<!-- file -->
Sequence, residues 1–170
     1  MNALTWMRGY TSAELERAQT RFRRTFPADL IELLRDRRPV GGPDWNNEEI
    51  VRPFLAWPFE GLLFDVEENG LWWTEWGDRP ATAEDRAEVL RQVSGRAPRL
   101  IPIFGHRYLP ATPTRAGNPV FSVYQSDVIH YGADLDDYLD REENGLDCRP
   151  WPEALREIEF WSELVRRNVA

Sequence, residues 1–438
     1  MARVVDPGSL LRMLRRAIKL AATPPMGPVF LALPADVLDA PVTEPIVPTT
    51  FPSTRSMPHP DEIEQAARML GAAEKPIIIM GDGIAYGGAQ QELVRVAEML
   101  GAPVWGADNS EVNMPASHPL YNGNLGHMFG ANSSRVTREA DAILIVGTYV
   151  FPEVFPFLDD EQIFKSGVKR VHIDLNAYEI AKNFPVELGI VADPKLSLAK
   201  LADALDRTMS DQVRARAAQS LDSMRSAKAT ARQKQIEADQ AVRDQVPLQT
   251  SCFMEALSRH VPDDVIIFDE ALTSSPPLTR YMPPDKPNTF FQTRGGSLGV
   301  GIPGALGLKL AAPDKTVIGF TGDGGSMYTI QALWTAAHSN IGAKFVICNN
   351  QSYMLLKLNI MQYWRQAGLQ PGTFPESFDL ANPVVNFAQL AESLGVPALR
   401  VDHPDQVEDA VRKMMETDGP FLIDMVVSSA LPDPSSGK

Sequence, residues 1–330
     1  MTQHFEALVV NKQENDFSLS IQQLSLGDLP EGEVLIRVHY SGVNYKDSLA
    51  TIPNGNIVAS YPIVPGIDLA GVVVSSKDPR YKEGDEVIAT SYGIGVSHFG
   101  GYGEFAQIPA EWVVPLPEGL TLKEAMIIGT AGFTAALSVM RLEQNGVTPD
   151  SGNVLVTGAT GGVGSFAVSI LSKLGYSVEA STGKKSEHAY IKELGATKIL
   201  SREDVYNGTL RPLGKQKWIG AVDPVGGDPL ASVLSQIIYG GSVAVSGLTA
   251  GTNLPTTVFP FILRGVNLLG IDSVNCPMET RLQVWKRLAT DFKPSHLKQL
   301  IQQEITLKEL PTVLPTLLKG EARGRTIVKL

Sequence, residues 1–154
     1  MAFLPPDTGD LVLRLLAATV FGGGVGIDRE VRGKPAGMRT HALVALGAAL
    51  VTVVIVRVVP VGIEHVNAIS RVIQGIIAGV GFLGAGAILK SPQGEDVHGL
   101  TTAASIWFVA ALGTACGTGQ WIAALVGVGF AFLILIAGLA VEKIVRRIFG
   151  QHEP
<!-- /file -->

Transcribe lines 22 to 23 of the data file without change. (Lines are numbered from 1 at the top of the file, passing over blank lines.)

   251  GTNLPTTVFP FILRGVNLLG IDSVNCPMET RLQVWKRLAT DFKPSHLKQL
   301  IQQEITLKEL PTVLPTLLKG EARGRTIVKL